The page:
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The Average Investor Cannot Do What Warren Buffett Does

There's no shortage of articles out there detailing the many ways in which you, the average investor, can follow in the footsteps of Warren Buffett (Trades, Portfolio). I certainly have penned a number of them. But it's important to appreciate that not everything about Buffett's process can be replicated by the average investor. Here are some of the ways in which the Oracle of Omaha differs from the rest of us.


The size of your pot matters

A common maxim of value investing, and of Buffettisian value investing in particular, is that stocks are not just pieces of paper (or, as is the case these days, pixels on a screen) - they represent part ownership of a real business. Accordingly, value investors should appraise their share purchases through the prism of "what is this whole business worth?" Most of us do not have the hundreds of millions (at minimum!) required to buy out a publicly traded company, however. So for most of us, the "think of this as part of a whole business" exercise is largely theoretical.

Buffett, who of course is the most successful value investor of all time, has access to enormous amounts of capital. This allows him to actually treat shares as ownership in a business, particularly since he prefers to buy companies outright. This allows him to structure deals in a manner that is highly advantageous to Berkshire Hathaway (NYSE:BRK.A)(NYSE:BRK.B). For a recent example of this, look no further than the recent Occidental-Anadarko deal.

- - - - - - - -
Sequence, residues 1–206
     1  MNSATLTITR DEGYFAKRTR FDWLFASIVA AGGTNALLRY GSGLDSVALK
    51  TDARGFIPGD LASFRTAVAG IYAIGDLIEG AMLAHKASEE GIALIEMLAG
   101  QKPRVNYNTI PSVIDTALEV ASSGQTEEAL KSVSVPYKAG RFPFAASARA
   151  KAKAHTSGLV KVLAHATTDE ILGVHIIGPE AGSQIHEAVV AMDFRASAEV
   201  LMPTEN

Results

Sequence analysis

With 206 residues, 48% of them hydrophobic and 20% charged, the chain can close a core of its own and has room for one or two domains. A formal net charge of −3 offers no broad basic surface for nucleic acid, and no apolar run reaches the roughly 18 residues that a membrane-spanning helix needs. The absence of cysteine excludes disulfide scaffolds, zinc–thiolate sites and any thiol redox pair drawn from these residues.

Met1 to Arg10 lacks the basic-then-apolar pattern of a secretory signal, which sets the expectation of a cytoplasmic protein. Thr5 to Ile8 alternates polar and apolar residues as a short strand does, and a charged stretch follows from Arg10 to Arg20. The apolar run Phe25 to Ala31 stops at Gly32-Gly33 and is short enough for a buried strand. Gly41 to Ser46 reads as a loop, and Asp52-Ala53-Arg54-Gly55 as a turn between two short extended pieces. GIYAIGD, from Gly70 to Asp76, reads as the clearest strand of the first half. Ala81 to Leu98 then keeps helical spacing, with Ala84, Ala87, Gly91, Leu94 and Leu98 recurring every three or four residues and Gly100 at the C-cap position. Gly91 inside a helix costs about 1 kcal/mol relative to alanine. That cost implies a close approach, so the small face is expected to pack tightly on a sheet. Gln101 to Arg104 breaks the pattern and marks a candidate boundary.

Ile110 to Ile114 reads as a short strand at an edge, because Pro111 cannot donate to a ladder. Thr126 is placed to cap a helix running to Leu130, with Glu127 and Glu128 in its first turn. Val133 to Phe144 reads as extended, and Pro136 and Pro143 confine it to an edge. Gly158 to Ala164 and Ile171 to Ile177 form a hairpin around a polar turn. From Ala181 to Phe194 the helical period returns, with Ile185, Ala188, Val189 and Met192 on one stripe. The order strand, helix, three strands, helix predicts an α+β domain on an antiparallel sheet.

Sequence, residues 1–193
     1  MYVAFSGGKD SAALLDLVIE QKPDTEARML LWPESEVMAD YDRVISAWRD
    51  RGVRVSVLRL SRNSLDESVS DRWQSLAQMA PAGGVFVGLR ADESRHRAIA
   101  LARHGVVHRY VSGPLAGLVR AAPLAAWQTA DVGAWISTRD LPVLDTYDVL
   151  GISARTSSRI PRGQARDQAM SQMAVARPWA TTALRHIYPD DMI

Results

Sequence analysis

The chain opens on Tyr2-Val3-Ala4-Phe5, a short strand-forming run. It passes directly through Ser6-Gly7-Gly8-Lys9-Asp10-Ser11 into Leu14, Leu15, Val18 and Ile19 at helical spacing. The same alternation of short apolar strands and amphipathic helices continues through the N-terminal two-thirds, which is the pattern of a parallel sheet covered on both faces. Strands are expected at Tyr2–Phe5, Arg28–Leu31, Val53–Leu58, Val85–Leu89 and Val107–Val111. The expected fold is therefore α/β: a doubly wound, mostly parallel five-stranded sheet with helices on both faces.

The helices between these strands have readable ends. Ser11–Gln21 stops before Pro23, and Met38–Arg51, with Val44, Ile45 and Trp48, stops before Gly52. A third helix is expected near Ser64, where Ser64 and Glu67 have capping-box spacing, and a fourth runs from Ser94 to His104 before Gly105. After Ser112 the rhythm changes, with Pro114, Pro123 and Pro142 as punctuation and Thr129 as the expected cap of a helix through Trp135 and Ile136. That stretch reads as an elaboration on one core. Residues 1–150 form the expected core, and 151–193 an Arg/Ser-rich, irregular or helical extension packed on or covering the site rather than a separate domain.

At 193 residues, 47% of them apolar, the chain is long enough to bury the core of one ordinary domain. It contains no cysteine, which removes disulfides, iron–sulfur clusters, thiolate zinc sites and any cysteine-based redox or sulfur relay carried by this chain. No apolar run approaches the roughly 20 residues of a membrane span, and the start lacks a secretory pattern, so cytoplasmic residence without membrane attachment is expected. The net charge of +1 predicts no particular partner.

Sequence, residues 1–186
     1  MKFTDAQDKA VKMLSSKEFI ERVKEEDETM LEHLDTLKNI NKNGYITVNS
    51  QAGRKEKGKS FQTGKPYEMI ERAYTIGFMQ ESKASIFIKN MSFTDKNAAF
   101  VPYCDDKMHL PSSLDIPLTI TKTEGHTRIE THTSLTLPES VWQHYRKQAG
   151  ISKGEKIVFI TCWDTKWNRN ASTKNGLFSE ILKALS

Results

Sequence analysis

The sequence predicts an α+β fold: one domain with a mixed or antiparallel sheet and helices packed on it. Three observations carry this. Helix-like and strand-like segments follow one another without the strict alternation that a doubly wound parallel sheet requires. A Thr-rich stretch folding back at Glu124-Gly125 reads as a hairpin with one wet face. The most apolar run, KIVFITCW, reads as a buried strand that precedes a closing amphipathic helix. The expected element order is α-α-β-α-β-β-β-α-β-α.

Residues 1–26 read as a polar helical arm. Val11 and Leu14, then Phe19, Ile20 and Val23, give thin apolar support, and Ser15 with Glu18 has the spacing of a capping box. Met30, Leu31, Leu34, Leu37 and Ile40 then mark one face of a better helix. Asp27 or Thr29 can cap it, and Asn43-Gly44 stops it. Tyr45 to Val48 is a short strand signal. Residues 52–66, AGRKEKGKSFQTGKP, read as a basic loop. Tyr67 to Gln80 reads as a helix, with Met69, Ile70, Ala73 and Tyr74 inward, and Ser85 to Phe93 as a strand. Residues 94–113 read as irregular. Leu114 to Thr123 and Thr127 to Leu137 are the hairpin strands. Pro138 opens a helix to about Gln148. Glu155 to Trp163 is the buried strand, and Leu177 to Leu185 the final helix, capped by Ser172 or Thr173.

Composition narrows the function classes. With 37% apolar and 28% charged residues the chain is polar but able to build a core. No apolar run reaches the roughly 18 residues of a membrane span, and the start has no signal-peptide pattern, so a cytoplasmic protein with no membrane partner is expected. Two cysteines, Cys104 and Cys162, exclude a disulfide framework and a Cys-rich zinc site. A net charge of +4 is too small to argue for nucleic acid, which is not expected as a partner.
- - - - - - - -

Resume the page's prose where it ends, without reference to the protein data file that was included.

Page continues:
Oil driller Anadarko (APC) had already received a buyout agreement from Chevron when competitor Occidental Petroleum (OXY) approached Buffett for help in making a superior offer. Buffett agreed to invest $10 billion in Occidental, contingent on the buyout happening. This was an extremely favorable deal for Berkshire -- on a $10 billion investment, it is estimated that Buffett got back, or is getting, at least $12 billion on the buyout. A 20% return -- not bad! Particularly given that Berkshire has underperformed the S&P 500 over the last 10 years.

Is this an opportunity that would be available to the average investor? Of course not. What makes Buffett able to make deals like this is the enormous pile of cash that Berkshire is sitting on -- currently around $122 billion. And we know he is just itching for an opportunity to deploy it.

The lender of last resort

While the world was falling apart in 2008, Warren Buffett (Trades, Portfolio) was able to make a considerable amount of money by effectively bailing out distressed businesses. For instance, in the wake of the collapse of Lehman Brothers, he bought $5 billion of preferred stock from Goldman Sachs (NYSE:GS), and earned warrants for an additional $5 billion of common shares. The preferred stake was redeemed in 2011 at a 10% premium. The warrants were later converted into a $2 billion stake in Goldman. During the crisis, Buffett also helped Mars buy out Wrigley, and was involved in a number of other deals.

Can average investors profit during times of crisis? Yes, absolutely. By adhering to Buffett's "be greedy when others are fearful" adage, you can buy quality stocks at low valuations. But it's important to bear in mind that Buffett benefits from a scale that the average investor can never hope to achieve. And that is a key factor in his success.

Disclosure: The author owns no stocks mentioned.

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This article first appeared on GuruFocus.